SAN FRANCISCO — The pharmaceutical industry’s most powerful lobbying group is opening its war chest to try to sway a policy fight with no clear connection to medicine or health care, spending a half-million dollars here to oppose a California ballot measure that would expand rent control protections across the state.
PhRMA’s contribution is unusual not for its size — $500,000 is a relatively small sum for the trade association — but because the group typically only involves itself in policy issues likely to impact its bottom line. In this fight, it is siding with landlords, developers, and real estate investors, mainly in California but with some headquartered in other states; PhRMA is the only large donor opposing the measure without ties to the housing industry.
The group says that it’s getting involved in the ballot measure at stake, called Proposition 10, because it fears passage could make housing harder to find for the nearly 900,000 employees who work in biopharma in the state. Some economists have expressed concern that it could discourage the construction of new housing and make life harder for low-income renters in the long-term.
But some people here suspect that PhRMA is using its financial clout to settle an old political score with Michael Weinstein, a longtime HIV/AIDS activist who has repeatedly tangled with the drug industry, most recently by bankrolling a set of state-level ballot measures aimed at capping drug prices.
The AIDS Healthcare Foundation, which Weinstein leads as president, has provided the vast majority of the financial backing for Proposition 10: over $12 million, according to the latest campaign finance disclosures. The nonprofit, which runs clinics across the globe, sees housing policy as key to promoting health, saying the measure would prevent displacement and expand protections for low-income renters in a state with few affordable housing options.
And as Weinstein sees it, PhRMA’s involvement looks like payback.
“They consider us an enemy, and they have unlimited money to spend on anything they want,” he said in a phone interview with STAT. “It’s preposterous for them to say they have an interest in this issue.”
He added, with an air of disbelief: “It’s a very strange coincidence.”
Dr. Adams Dudley, director of the Center for Healthcare Value at the University of California, San Francisco, said he thinks “it’s hard to imagine that [PhRMA’s] stated reason is plausible.”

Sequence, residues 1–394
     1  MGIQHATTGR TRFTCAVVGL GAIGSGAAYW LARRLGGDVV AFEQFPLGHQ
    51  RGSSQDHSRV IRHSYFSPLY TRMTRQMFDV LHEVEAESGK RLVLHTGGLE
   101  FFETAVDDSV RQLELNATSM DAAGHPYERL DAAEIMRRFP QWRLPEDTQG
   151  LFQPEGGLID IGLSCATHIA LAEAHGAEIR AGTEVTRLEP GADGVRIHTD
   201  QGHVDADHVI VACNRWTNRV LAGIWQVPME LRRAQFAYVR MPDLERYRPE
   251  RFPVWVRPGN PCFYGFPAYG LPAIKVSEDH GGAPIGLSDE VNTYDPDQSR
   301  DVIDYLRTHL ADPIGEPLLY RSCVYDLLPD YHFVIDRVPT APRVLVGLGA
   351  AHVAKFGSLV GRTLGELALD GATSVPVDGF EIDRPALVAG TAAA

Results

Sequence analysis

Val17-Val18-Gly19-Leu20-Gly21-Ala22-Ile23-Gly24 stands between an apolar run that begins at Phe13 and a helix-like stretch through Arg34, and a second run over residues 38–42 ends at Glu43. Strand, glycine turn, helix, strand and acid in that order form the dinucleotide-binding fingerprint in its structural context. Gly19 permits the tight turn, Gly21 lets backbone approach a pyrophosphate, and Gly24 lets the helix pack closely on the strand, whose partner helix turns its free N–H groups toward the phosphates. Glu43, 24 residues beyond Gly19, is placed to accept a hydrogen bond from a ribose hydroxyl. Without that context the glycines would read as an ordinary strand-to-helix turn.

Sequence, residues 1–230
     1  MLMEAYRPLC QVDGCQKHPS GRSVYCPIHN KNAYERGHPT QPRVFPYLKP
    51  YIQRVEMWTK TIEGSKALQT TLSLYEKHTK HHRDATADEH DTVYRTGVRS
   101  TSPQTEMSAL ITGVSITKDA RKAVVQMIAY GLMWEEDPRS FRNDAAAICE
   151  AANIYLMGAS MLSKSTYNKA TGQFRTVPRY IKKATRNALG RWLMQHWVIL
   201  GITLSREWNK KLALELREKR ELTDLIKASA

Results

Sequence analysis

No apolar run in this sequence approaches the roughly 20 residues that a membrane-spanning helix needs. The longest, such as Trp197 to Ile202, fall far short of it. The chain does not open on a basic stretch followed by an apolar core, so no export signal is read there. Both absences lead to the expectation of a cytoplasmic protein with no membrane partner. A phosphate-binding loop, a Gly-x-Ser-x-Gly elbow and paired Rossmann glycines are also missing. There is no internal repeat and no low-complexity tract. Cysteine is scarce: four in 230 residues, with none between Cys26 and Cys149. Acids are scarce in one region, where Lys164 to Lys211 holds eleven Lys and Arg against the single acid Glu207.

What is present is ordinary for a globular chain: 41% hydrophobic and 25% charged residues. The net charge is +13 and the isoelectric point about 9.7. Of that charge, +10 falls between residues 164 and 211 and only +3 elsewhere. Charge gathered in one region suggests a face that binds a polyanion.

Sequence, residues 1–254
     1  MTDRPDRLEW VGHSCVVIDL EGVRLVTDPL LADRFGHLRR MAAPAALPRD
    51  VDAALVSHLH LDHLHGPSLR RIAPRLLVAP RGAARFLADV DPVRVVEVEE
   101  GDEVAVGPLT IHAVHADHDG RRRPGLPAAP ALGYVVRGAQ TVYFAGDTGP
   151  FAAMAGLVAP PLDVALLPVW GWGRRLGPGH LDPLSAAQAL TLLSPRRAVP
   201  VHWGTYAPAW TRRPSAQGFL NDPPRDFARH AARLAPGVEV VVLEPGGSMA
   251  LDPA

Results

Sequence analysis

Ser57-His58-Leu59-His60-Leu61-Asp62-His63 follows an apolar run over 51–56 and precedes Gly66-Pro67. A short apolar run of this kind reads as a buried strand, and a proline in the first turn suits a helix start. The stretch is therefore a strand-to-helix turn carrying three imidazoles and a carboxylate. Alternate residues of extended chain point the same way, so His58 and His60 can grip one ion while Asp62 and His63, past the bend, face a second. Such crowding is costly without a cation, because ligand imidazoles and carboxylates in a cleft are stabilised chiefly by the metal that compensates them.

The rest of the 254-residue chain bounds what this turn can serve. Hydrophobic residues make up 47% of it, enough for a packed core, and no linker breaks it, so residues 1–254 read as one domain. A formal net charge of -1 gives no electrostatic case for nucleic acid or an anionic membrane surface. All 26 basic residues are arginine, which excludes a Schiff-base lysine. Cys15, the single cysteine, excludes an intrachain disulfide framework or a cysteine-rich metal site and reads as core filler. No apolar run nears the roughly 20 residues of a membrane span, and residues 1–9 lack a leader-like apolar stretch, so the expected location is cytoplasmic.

The more plausible explanation, as Dudley sees it, is that PhRMA is “sending a signal: If you get on our bad side, we’ll keep opposing whatever you do, we’ll try to make your life difficult for a very long time, even if you do something else.”
Whether or not it accounts for PhRMA’s involvement in Proposition 10, the drug industry’s distaste for Weinstein is easy to explain. He has sued GlaxoSmithKline over its prices, Pfizer over its marketing, and Gilead over its patents.
In the past few years, Weinstein has further angered drug makers — and even a number of patient advocates — by funding ballot measures in California, Ohio, South Dakota, and the District of Columbia that would have prevented state and local health authorities from paying more for drugs than the discounted price the Department of Veterans Affairs received. None of them has succeeded.
The most significant such push came in 2016 in California, where drug makers contributed a record-setting $109 million to oppose the measure. PhRMA itself didn’t contribute cash, but it did log an additional $650,000 in non-monetary contributions, a category that includes labor and services. In that fight, the drug industry found allies in the California Medical Association and a surprising number of patient groups, including some that have taken money from pharmaceutical companies; they called the measure flawed, saying it would have failed to bring drug prices down for most Californians.
The AIDS Healthcare Foundation brought in Sen. Bernie Sanders (I-Vt.) to stump for the measure, but voters defeated it by a 53-47 margin in the election that sent President Trump to the White House.
In 2017, Weinstein tried again in Ohio with a nearly identical ballot measure, where the drug industry — and over 79 percent of voters — opposed it. And in the lead-up to the 2018 general election, PhRMA has won legal challenges in South Dakota and D.C. that prevented similar measures from even reaching the ballot.
Despite its rich history with Weinstein, PhRMA denied the contributions had anything to do with past political entanglements.